Take the 2-minute tour ×
Physics Stack Exchange is a question and answer site for active researchers, academics and students of physics. It's 100% free, no registration required.

There is Bose-Einstein condensate (BEC) for non-interacting boson systems. Can we prove the existence of BEC for interacting systems?

share|improve this question
add comment

1 Answer

Bogoliubov proved long, long ago that the condensate is stable against weak interactions. The interactions scatter some fraction of bosons out of the lowest-energy single-particle state ("depleting" the condensate), but off-diagonal long range order remains. For a nice introduction to Bogoliubov's theory see Ben Simon's lectures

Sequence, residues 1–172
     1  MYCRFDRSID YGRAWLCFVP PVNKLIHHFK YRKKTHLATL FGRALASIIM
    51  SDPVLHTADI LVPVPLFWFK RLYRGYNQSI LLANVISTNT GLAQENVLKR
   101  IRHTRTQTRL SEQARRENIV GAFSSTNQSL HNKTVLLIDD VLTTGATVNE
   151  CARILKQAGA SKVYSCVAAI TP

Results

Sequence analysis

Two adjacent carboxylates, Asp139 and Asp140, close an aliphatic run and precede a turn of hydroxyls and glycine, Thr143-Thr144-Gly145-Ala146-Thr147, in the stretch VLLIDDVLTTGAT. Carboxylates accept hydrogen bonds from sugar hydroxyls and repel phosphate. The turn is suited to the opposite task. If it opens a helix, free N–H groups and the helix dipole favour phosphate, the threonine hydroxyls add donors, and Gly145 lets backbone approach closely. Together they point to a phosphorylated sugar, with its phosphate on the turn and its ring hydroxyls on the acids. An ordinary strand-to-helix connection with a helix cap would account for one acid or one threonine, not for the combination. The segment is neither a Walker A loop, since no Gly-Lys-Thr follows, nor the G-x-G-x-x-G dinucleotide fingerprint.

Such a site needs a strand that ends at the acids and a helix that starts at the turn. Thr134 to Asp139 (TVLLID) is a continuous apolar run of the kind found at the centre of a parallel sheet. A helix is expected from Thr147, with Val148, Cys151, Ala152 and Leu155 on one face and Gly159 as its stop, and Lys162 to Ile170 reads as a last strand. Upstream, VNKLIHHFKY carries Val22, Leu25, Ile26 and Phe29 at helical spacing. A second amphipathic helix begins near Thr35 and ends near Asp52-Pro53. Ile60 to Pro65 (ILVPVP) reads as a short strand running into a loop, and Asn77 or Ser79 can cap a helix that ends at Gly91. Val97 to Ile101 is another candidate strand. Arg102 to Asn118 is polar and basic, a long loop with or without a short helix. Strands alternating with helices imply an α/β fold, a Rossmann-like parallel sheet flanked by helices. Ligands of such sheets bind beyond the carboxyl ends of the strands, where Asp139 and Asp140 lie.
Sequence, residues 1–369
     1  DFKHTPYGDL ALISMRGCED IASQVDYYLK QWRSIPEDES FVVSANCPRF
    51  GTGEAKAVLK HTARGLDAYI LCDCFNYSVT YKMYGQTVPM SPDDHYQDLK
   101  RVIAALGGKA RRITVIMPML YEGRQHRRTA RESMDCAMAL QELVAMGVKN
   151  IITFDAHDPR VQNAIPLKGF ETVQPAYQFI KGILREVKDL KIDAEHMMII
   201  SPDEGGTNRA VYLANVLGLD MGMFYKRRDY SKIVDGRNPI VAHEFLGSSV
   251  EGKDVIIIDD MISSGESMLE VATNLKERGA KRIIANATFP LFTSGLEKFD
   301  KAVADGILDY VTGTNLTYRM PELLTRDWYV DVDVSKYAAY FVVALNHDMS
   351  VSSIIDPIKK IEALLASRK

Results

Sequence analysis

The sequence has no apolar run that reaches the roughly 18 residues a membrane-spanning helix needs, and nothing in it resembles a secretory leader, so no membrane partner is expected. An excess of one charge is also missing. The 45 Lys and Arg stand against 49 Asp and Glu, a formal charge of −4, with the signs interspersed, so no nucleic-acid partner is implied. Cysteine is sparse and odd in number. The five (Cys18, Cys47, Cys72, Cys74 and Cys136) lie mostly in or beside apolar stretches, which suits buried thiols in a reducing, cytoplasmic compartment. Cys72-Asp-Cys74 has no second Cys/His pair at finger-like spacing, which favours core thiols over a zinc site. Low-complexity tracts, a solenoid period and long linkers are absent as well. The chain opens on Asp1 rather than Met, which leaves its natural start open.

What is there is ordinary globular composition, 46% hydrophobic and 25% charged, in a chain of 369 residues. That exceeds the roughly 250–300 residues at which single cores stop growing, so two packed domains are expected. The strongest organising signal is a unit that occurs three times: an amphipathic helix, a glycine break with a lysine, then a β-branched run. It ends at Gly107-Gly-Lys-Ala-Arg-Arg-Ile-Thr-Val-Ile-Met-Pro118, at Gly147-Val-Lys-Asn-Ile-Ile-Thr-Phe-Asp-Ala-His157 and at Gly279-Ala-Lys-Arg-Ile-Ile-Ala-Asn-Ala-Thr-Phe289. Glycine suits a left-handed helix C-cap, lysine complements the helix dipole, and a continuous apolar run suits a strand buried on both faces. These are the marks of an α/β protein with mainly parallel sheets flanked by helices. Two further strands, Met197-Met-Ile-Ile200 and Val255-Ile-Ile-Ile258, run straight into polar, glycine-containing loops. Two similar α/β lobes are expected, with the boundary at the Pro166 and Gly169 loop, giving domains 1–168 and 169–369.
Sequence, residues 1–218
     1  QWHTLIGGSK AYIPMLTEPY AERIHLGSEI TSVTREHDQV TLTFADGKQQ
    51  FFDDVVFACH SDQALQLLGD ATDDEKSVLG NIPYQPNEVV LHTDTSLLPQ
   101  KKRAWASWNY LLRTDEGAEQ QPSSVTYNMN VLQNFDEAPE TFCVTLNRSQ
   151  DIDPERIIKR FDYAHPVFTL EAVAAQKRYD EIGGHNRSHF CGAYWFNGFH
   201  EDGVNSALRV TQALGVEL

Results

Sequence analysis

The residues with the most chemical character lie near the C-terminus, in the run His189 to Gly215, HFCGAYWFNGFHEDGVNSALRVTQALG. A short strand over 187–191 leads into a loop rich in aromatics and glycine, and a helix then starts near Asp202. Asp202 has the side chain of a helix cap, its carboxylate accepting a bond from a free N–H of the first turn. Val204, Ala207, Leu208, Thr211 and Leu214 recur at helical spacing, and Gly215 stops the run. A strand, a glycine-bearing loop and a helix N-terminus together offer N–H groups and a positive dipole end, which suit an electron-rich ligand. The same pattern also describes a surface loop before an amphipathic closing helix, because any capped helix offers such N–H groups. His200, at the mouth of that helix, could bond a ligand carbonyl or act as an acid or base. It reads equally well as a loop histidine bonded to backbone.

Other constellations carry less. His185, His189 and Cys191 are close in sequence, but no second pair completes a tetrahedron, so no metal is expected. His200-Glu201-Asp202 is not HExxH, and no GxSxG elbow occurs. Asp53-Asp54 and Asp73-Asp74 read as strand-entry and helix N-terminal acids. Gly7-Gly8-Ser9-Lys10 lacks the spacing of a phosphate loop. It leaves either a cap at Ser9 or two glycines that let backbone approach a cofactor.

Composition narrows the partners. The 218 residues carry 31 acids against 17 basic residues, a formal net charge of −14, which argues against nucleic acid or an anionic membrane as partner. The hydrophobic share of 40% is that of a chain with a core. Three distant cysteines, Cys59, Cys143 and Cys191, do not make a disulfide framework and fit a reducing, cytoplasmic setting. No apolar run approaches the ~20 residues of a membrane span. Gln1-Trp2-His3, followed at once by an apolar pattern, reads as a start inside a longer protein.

http://www.tcm.phy.cam.ac.uk/~bds10/tp3.html

(lecture 9). "Weak" is relative though, and in fact real bose liquids with even decently strong interactions can retain a condensate. Bose condensation turns out to be a very robust phenomenon.

share|improve this answer
    
Thanks for your answer and suggested reading. –  Jeremy Apr 21 '13 at 3:13
add comment

Your Answer

 
discard

By posting your answer, you agree to the privacy policy and terms of service.

Not the answer you're looking for? Browse other questions tagged or ask your own question.